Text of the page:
Every year around 12,000 kilometres of textile materials are dyed. And for that, millions of litres of water are needed. After use, the water is full of colorants, chemicals and salts. How to recycle polluted water during dyeing textile materials in an efficient and affordable way, so it can be re-used in the whole dyeing process? European researchers think that theyâ€™ve found an answer to s question.
Aim is to find solutions to recycle water from textile dyeing in efficient, affordable ways. Scientists have designed a test recycling unit. Two different processes are used to clean up the water.
A first process, called electro-coagulation, eliminates colorants and the second, called reverse osmosis, contributes to the elimination of salts.
First they go to the auto-filtration membranes, where they take out all the small particles and all the other things. Then they go to the second process, called reverse osmosis, that will take even salts and all the rest of the stuff. At the end of the day, nice colour-free water, totally clean, nothing in it not even salts, said Eric van Sonsbeek, Chemical Engineer, EColoRO.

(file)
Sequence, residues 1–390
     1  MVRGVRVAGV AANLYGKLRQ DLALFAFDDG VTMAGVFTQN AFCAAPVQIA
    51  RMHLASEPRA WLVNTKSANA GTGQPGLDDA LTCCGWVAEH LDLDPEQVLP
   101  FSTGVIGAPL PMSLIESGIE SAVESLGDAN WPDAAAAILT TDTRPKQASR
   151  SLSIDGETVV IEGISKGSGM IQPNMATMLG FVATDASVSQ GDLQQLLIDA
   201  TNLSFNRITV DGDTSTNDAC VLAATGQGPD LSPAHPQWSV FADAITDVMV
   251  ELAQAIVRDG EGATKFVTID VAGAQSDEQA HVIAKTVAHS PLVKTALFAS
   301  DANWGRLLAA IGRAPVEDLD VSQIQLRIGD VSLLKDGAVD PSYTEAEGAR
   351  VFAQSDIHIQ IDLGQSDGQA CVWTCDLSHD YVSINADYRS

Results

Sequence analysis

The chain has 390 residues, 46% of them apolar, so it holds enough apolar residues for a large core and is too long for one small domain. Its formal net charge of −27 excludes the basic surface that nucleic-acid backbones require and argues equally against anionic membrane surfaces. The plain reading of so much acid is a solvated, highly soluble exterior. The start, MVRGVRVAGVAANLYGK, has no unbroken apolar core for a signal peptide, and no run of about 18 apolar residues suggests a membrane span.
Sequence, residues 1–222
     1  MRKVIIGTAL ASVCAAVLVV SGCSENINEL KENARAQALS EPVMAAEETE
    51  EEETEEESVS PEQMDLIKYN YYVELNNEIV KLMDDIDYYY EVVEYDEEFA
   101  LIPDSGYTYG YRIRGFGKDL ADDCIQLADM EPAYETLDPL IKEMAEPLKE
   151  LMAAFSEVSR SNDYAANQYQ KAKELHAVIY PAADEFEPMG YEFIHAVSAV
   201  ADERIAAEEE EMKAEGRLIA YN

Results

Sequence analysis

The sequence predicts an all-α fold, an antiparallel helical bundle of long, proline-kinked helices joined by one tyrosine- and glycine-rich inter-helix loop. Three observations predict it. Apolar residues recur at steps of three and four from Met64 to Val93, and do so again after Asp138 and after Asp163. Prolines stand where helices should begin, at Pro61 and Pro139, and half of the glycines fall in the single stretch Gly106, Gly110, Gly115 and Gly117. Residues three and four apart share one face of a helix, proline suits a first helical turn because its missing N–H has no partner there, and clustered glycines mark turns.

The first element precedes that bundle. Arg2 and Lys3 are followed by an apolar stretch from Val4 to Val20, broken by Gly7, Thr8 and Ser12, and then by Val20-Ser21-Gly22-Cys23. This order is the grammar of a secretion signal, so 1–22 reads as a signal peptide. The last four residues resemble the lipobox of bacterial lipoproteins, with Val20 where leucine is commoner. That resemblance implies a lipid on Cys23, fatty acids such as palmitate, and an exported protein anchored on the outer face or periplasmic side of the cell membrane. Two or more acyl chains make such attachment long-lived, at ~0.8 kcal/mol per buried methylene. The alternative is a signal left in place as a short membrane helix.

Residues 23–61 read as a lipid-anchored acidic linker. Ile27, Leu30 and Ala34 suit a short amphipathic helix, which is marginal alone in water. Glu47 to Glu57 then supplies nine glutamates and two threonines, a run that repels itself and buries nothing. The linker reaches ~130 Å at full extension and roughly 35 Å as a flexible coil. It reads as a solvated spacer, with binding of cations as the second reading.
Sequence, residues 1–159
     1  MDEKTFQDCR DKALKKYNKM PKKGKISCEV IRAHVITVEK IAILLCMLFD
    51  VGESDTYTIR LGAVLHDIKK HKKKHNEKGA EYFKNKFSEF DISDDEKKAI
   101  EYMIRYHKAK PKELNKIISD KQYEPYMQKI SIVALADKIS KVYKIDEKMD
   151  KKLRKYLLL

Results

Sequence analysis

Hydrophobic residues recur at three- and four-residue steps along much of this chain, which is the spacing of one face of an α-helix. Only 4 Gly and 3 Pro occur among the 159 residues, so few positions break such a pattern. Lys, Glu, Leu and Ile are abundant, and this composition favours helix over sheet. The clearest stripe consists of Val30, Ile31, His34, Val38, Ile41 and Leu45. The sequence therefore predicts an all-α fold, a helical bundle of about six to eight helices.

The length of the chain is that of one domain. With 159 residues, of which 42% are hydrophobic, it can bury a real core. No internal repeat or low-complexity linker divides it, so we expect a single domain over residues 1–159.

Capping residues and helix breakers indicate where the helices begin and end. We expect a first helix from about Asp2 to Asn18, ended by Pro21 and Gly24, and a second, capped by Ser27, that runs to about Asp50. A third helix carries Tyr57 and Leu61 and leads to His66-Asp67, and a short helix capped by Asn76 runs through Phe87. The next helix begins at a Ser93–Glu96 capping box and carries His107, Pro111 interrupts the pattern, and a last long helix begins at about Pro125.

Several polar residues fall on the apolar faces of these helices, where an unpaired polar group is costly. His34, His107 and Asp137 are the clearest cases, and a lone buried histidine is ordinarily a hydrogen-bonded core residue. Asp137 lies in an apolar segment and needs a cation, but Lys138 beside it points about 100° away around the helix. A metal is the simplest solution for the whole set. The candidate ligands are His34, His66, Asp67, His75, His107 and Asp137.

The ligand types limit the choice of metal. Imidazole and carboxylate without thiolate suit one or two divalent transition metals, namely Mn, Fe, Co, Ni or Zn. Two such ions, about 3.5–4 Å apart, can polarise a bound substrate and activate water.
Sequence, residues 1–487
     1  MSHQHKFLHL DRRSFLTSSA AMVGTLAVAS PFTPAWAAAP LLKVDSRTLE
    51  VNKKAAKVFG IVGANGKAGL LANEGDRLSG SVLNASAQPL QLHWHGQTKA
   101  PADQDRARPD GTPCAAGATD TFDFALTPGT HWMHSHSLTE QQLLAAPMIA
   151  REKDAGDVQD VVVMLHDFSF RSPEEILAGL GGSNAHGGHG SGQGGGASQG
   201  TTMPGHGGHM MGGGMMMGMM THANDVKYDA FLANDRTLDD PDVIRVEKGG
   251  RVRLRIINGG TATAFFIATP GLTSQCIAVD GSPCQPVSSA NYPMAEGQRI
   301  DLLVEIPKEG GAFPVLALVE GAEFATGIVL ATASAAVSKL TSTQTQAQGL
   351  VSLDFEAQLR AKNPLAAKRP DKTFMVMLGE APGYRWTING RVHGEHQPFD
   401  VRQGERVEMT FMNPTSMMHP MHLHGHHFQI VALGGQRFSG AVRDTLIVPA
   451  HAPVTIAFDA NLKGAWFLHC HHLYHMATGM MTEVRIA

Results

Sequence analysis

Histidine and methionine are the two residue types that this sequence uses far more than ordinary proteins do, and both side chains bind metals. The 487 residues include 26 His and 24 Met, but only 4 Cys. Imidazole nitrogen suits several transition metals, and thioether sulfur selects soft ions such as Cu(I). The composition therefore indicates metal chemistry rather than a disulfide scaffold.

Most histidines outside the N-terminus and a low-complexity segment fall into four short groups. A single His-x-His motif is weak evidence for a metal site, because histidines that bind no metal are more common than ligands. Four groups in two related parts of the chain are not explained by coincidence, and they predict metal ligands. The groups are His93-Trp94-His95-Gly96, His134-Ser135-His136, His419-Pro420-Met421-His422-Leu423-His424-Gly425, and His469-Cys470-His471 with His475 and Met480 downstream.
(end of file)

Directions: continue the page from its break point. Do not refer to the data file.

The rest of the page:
Strict control analysis at each step is used to confirm the efficiency of the different processes. All chemical pollutants and colorants are removed, letâ€™s say that around 93-96 percent of them are removed. Colour is nearly 100 percent removed in this process, enthused Mert Can, Process Engineer, EColoRO.
Researchers now plan to upscale the existing test unit to a bigger one to be used at the factory, with an eye to creating a closed loop where water is constantly recycled and reused.
With technology in place that enables to reduce water intake by 75 percent or more, already there is a very big cost reductions. Also, you will not discharge to the municipal waste water plant any more, so you will not have any issues with balancing your waste water with that coming from other streams into the municipal waste water treatment plants. So you are freeing up capacity there in the municipal setting, saud Andreas Tenn Cate, Chemical Engineer, ISPT/ECWRITI Project Coordinator.
Scientists said that they hope this technology could also improve the competitiveness of the textile and clothes manufacturing sector in the European Union, that employs some 1.6 million people.
Aware of these economical and environmental challenges, factory in Belgium has teamed up with scientists from a European research project.
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